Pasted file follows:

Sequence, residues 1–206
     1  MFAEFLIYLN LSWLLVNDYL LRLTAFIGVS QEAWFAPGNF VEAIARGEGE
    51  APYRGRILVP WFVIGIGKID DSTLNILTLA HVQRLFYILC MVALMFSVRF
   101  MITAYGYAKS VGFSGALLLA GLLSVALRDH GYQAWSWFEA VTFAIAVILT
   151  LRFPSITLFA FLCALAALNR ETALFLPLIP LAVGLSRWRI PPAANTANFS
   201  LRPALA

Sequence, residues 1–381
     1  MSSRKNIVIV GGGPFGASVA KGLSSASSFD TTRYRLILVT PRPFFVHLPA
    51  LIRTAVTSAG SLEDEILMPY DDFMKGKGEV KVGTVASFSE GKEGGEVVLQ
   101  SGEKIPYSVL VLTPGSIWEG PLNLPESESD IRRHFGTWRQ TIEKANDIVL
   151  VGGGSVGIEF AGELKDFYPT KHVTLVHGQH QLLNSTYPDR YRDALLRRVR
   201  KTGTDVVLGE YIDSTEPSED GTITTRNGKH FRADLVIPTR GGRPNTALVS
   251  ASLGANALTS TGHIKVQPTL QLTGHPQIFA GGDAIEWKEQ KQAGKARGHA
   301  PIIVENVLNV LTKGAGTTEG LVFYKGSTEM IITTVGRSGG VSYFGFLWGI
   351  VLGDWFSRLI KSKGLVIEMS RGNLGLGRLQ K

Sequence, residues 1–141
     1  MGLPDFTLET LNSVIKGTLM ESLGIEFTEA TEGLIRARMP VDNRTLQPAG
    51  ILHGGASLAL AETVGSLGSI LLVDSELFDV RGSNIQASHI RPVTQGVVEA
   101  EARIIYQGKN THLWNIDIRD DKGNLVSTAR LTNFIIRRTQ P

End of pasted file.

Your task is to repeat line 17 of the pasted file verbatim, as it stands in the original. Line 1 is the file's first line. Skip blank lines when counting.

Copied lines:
     1  MGLPDFTLET LNSVIKGTLM ESLGIEFTEA TEGLIRARMP VDNRTLQPAG